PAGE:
Crustacean Cannibals: Lobsters Devour Smaller Individuals (Video)
Lobsters are known for their tasty, fleshy meat and bright red shells when cooked. As we continue to pull them from coastal waters, though, this species is changing. A combination of climate change, warming waters and overfishing has transformed these creatures into crustacean cannibals, according to The Independent.
The new study involved tethering young lobsters to the base of infrared cameras beneath the waters in Maine. There, the scientists could observe, day and night, what happened to these crustaceans. During the day, the researchers saw a few fish and crabs preying on the tethered lobsters. The night, though, was another matter entirely. The scientists found that almost 100 percent of the tethered lobsters were eaten by other lobsters.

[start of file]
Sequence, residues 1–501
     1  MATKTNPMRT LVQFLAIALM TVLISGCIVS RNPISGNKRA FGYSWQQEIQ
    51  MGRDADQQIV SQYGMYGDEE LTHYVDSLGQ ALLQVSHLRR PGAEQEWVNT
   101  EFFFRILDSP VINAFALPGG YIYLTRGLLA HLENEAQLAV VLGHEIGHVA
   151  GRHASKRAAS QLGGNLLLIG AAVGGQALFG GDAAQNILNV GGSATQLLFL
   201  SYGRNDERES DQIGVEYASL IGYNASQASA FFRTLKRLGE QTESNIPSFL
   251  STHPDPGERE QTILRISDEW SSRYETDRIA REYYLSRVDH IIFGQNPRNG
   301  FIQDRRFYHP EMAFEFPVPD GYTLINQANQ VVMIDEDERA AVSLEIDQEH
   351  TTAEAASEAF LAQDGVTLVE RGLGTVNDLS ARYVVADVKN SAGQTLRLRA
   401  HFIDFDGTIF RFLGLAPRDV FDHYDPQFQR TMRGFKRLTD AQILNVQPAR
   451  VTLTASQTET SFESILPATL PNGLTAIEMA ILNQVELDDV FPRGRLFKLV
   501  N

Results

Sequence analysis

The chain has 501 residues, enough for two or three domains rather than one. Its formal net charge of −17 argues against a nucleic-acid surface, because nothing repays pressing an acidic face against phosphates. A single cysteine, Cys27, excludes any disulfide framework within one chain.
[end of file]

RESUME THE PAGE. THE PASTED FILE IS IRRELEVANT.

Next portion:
That's not to say that this research shows that all wild lobsters are cannibal--or even that they usually employ this behavior. While scientists have noted in the past that lobsters will eat each other when crowded in tanks or traps, these aren't the conditions that meet the crustaceans in the wild. By that same token, it's not likely that lobsters will meet with a tethered, smaller lobster, according to Herald News.
Assuming the lobsters have started eating each other in the wild, though, what might be causing it? The researchers believe that the main reason could be rising water temperatures.
"As the water temperatures elevate, lobsters both become more fecund," said Noah Oppenheim, one of the researchers, in an interview with Climate Desk. "They reproduce more frequently and with larger broods and they grow more rapidly. If we enjoyed eating lobsters perhaps other lobsters enjoy eating lobsters too."
In addition to the warmer temperatures, there's also overfishing that's playing a role. As lobster populations increase, their natural predators are being killed off. This means that there are even more crustaceans in the water, leading to an overabundance that's driving down lobster prices.
Want to learn more about the new research? Check out the video below, courtesy of YouTube.